Postcode districtsAverage priceCurrent SDLYPrevious SDLTSDLT SavingRental yield
London Average£485,794£14,574£28,864£14,2903.70%
House price and rental data sourced from PropertyData

Stamp Duty holiday plans announced by Chancellor Rishi Sunak

Published On: July 8, 2020 at 12:54 pm


Categories: Property News

Tags: ,,,

Chancellor Rishi Sunak has announced plans for a Stamp Duty holiday in the 2020 summer statement. This will make most homebuyers exempt from paying any Stamp Duty as part of plans to kick-start Britain’s economic recovery.

The following industry responses have been released:

Mary-Anne Bowring, group managing director at Ringley and creator of automated lettings platform PlanetRent, says: “The Chancellor’s proposals to exempt most homebuyers from paying any Stamp Duty under plans to kick-start Britain’s economic recovery is welcome news.

“A Stamp Duty holiday would no doubt cause a rush of transactions and help breathe life into a housing market that has been put into deep freeze in an effort to battle coronavirus.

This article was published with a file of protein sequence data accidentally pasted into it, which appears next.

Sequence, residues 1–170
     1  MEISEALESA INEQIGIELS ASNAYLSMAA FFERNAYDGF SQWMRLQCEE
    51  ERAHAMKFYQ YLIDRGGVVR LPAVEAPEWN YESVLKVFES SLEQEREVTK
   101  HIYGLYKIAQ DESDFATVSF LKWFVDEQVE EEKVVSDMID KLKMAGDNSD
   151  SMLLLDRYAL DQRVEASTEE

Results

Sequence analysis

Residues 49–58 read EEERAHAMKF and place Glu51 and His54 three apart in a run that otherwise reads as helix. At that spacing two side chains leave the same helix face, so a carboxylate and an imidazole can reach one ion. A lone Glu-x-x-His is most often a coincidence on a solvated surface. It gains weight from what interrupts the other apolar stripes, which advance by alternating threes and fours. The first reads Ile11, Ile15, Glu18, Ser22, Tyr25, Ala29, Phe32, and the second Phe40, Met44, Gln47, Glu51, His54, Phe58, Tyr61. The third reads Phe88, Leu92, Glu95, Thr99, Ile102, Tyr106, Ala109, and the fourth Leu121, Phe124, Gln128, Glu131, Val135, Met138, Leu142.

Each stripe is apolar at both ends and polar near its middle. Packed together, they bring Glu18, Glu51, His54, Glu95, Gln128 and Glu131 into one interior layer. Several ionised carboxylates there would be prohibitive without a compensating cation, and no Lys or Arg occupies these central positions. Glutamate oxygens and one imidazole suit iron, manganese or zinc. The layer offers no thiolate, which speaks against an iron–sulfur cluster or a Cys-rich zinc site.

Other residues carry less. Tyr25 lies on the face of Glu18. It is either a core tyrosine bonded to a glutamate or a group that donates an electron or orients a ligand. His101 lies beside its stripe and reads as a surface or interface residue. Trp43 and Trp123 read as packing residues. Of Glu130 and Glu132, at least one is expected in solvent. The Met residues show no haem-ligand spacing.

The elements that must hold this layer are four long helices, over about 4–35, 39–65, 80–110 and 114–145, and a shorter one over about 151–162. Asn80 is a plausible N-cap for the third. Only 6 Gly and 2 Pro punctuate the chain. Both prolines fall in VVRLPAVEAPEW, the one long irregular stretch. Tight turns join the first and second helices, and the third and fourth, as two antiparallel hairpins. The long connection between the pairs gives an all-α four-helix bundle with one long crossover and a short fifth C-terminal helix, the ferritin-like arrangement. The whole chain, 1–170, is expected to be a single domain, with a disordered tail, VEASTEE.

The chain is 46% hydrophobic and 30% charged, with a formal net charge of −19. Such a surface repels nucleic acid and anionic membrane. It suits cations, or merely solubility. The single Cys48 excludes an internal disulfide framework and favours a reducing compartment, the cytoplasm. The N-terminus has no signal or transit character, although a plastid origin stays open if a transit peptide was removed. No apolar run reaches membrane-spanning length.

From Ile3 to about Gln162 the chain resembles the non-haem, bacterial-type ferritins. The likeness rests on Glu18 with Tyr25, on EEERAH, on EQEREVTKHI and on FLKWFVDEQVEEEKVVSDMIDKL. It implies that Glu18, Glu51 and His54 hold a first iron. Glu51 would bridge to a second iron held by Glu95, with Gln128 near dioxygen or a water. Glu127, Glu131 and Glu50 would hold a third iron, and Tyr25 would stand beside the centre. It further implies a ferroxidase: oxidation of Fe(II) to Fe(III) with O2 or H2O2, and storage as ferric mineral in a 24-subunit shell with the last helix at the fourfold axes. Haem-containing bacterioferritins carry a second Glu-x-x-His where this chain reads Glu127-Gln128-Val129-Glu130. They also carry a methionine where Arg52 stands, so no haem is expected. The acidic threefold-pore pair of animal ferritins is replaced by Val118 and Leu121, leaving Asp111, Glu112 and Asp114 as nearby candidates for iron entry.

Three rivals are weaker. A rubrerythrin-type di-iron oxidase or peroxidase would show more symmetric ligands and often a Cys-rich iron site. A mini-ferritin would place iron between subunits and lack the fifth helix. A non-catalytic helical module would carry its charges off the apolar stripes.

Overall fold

“The government should be looking at long-term solutions as well as short-term sticking plasters when it comes to fixing the UK housing market.

“Millions of Brits were already renting, and that number was predicted to grow anyway with or without coronavirus. The disruption caused by coronavirus will likely see rental demand grow, as banks squeeze potential buyers with tighter lending restrictions and people put off buying or selling a home as it becomes clearer COVID-19 has caused continued uncertainty and disruption in the medium term.

“Eliminating additional Stamp Duty for buy-to-let investors would help stimulate the supply of rental homes while also driving wider activity in the housing market. Landlords are a crucial source of development finance through off-plan sales and will help support getting Britain building again.”

Mark Arnold, CEO, Kensington Mortgages, comments: “If the housing market is working properly, that has a massive impact on the rest of the economy – so this potentially is a big boost. A Stamp Duty holiday is a huge market change and this has never happened before.